Polly is an ongoing project.
This movie is an excerpt of the first experiments with the subject of memory, involuntary memory and personal memory.

I was inspired by a text on how we ‘outsource’ our memory more and more towards digital memory.1 Through this I got fascinated with this idea of constructing memory’s, or how memory is always a construct. A recent publication compared studies that examined whether photographing objects impacts what is remembered about them. The results were interesting. When participants took photos of whole objects after viewing them, they remembered fewer objects and remembered fewer details about the objects and the objects’ locations than when they only observed the objects without photographing them.2 Despite the added time or attention required to angle the camera and adjust the lense so as to capture the best shot of the object in its entirety, the act of photographing the object appears to enable people to dismiss the object from memory, thereby relying on the external devise of the camera to “remember” for them.

The start of this video was an involuntary memory I experienced during a visit to the Stedelijk Museum. I saw a chair with the form of an oyster. Ironically enough I took a photo of the object. More than anything it reminded me of a childhood toy, the Polly Pocket, and with that the ‘memory’ of being on my classmates attic playing with them. Not only did I think about that, also the stories behind it and details about this girl popped up in my head. I thought of the fact/fable that I was jealous at the time because she had more Polly Pockets than me. Being back home I typed the word Polly Pocket in google and saw all the different Polly Pockets popping up. Most likely these were the images other people saw as well when googling their childhood toy.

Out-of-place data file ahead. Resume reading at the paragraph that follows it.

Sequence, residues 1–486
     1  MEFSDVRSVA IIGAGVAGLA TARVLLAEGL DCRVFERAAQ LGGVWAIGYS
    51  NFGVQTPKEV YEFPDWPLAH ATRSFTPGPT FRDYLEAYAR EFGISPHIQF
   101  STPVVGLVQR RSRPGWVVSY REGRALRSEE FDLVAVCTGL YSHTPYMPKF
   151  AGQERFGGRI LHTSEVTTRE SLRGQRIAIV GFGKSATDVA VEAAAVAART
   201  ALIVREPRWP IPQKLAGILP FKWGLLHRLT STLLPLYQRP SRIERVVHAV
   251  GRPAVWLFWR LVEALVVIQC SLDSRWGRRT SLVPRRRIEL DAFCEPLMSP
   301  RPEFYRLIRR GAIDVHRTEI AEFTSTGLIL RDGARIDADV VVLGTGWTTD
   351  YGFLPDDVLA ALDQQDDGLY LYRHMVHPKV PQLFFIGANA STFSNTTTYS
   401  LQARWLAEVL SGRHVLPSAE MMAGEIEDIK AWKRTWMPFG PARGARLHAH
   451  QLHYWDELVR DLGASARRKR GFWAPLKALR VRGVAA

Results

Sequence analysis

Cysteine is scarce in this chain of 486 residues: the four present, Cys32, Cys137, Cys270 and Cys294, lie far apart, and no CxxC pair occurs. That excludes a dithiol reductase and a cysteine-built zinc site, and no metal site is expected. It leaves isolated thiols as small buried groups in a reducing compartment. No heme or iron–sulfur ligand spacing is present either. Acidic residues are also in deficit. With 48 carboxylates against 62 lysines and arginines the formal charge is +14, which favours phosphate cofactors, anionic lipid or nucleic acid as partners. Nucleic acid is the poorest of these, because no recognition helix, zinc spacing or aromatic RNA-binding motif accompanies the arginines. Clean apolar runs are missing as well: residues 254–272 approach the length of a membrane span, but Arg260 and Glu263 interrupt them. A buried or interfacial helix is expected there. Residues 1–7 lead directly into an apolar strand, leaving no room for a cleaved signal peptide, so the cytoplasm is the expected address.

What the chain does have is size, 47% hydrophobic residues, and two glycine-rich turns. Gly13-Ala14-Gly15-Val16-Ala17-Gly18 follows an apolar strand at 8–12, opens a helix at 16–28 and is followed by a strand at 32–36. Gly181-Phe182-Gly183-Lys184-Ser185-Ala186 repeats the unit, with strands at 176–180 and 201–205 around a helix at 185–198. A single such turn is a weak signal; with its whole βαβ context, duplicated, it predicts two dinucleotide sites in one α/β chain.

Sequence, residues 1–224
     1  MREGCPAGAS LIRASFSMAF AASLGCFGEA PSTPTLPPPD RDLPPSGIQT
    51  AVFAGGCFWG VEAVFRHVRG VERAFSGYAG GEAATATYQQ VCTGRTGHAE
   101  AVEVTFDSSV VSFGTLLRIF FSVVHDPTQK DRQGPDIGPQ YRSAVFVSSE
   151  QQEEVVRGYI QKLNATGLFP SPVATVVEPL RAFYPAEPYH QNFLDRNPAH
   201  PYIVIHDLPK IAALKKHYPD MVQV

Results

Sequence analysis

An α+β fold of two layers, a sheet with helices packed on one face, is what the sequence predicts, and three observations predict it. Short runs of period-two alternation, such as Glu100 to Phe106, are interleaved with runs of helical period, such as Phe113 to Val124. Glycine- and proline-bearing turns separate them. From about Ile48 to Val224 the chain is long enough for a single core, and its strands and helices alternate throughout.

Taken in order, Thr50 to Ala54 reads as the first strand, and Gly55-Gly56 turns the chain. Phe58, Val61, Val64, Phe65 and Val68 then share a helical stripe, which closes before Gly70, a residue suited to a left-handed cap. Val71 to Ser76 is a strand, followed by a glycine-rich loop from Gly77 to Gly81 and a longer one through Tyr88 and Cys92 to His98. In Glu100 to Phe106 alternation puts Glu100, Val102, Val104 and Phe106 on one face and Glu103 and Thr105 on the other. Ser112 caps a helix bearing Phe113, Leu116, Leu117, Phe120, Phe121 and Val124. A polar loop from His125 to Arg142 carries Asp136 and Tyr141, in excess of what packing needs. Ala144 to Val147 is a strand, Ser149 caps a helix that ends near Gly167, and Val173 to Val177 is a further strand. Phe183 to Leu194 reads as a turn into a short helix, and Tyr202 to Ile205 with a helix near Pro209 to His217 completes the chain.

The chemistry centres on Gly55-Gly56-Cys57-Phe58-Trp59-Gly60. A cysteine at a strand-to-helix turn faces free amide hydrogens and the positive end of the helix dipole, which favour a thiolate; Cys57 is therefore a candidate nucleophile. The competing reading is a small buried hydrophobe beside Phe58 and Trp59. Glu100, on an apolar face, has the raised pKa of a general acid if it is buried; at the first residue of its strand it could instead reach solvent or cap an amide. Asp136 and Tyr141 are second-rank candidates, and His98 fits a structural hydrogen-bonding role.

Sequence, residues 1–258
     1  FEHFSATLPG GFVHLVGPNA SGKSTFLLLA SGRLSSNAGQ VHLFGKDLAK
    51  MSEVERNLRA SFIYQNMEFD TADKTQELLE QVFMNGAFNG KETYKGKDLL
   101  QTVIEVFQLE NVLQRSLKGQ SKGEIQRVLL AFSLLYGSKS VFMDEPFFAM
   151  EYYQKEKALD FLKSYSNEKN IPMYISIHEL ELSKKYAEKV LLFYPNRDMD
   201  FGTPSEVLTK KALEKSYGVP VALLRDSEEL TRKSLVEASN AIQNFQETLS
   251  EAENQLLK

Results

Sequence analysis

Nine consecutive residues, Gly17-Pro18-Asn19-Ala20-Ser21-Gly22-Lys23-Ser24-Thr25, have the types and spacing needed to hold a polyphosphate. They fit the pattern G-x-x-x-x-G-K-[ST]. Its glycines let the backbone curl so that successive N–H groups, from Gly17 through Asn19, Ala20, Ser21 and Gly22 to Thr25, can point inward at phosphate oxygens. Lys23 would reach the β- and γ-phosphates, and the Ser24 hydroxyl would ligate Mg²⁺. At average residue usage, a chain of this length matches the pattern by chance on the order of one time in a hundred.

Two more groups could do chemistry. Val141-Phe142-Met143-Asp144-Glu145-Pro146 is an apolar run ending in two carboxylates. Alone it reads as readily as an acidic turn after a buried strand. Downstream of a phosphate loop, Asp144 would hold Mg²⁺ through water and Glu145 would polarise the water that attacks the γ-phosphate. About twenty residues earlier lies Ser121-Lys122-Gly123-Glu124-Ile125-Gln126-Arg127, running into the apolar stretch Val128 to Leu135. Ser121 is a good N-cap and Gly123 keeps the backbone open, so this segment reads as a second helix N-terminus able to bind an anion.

This video is completely made out of digital constructions of personal ‘memories’. It also includes part of the video InAflash. InAflash is a short video where around 11.000 photographs taken throughout my childhood, teens and adult life, flashes in front of your eyes. Like the life review phenomena experienced during near-death experiences. The soundtrack consists of different versions of the song Yesterday, one of the most covered songs in history, as a metaphor on the construction of memory.

1. Google Effects on Memory: Cognitive Consequences of Having Information at Our Fingertips; Betsy Sparrow, Jenny Liu, Daniel M. Wegner
2. Point-and-Shoot Memories: The Influence of Taking Photos on Memory for a Museum Tour; A. Hekel